By Bill Maher
At the White House Correspondents' Dinner, just about every media outlet was taking shit from the presenters about how often they got it wrong in these last few weeks. CNN, for its ridiculous and inaccurate coverage of the Boston bombings; Buzzfeed, for getting it all wrong too; MSNBC for being in the pocket of the White House; Fox News for being in the pocket of evil. The verdict was in, and it was that, other than Pete Williams and The Boston Globe, every traditional media outlet -- especially those on TV -- is running a sad rumor mill factory, obsessed with sensationalism, when they're not being partisan hacks shilling for their home team. And hey, enjoy the filet.
But here's what you didn't hear at the White House Correspondents' Dinner: "Something, something, Gwen Ifill. [Laughter] Something, something, Ray Suarez. [Hollering]" Because what everyone seems to be forgetting is that there's a great news outlet on TV that always gets it right: the PBS Newshour. And why? Because they're allowed to be a news organization. Because they're not chasing ratings with giant BREAKING NEWS graphics and Megyn Kelly's legs and segments about the day's funny web videos.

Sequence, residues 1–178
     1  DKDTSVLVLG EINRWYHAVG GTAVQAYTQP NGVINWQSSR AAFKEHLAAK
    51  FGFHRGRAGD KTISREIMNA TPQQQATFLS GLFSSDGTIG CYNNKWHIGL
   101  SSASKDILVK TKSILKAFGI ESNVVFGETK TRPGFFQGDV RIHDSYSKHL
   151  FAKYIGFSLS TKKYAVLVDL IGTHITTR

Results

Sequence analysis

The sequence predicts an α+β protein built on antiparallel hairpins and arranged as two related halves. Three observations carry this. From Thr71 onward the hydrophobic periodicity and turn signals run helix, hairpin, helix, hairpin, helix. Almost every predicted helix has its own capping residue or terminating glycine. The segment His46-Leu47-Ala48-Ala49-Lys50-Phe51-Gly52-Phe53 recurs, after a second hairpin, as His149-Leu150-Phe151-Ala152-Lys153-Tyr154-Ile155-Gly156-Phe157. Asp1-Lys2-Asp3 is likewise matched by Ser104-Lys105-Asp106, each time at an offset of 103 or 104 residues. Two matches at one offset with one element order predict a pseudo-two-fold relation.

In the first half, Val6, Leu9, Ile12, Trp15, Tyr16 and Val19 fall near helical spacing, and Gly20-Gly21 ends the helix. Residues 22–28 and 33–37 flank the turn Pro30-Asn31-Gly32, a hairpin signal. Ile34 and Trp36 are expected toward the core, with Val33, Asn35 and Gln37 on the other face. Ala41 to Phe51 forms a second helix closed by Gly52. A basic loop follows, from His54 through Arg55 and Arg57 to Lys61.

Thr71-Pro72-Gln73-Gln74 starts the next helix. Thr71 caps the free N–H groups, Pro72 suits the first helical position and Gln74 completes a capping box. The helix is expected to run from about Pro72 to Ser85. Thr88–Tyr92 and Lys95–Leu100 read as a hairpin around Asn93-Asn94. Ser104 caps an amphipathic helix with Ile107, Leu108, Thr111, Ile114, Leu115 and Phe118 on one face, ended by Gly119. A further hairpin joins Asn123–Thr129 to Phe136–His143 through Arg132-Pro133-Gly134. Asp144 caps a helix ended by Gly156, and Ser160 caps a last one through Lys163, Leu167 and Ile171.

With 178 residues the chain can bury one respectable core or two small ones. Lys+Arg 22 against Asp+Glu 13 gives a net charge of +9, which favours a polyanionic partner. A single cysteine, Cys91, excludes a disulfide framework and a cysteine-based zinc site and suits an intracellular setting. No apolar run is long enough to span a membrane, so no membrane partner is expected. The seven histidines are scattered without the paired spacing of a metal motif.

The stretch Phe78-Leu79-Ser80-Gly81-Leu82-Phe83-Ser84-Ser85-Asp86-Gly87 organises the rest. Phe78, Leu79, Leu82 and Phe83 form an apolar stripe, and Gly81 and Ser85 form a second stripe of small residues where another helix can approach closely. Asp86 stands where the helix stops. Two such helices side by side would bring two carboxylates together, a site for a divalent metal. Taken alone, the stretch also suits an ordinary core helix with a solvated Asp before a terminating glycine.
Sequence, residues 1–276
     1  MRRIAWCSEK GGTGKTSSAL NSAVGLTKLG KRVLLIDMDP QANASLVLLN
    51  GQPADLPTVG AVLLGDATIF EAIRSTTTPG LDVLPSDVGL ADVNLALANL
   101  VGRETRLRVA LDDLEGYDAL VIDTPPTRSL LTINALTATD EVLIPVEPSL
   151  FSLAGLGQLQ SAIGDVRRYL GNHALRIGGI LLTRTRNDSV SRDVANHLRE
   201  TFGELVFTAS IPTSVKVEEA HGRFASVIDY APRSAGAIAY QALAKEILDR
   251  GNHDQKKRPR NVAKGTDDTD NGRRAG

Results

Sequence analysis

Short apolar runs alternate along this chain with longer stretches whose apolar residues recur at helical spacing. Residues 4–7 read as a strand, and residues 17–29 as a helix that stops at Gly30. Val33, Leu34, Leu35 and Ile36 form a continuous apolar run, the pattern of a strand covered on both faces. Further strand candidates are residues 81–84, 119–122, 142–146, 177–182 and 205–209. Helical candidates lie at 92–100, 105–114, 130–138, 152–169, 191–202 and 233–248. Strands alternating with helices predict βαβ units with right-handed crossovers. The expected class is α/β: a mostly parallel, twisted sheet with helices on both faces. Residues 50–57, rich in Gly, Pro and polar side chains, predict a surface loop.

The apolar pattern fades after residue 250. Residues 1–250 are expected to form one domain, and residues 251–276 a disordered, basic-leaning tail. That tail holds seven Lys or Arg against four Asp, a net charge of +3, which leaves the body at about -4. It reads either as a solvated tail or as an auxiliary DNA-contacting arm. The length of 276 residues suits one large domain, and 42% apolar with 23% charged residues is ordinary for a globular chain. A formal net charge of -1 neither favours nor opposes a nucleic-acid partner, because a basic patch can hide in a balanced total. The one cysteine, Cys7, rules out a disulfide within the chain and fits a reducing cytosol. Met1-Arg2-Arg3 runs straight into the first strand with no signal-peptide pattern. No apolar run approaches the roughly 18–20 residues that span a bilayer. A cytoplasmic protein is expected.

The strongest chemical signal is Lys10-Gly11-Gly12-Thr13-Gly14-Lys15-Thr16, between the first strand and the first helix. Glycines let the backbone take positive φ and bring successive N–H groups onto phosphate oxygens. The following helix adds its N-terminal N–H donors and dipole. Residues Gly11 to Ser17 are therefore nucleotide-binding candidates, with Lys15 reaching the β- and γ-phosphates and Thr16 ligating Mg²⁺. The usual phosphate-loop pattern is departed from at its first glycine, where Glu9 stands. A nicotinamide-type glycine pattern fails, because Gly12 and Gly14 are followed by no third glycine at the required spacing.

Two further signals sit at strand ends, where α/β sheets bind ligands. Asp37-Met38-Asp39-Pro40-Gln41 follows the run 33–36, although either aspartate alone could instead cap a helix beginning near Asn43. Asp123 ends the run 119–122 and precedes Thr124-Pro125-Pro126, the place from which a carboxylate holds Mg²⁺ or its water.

Back in the day, the network news broadcasts weren't designed to make money. They were a loss leader. Because people understood the difference between news and entertainment: one was something you needed to eat, and the other was dessert.
But then capitalism took over the news business. And since then, the news has gone down a downward slope of suckitude.
Hey, don't get me wrong -- capitalism is a great thing. When it comes to designing America a new ketchup bottle that sits upside down so all the ketchupy goodness has already moved right to the opening so that you can then squeeze it on to your fries and avoid all of that needless pounding on the bottom of the old glass ketchup bottles, capitalism is the way you want to go. Because capitalism gets you what you want, and at the lowest price.
But in a democracy, there's a difference between what you want -- my ketchup to come out of the bottle on cue -- and what you need, which is an informed citizenry.
Our problem isn't that we have capitalism and that we have democracy. It's that we think they're the same thing.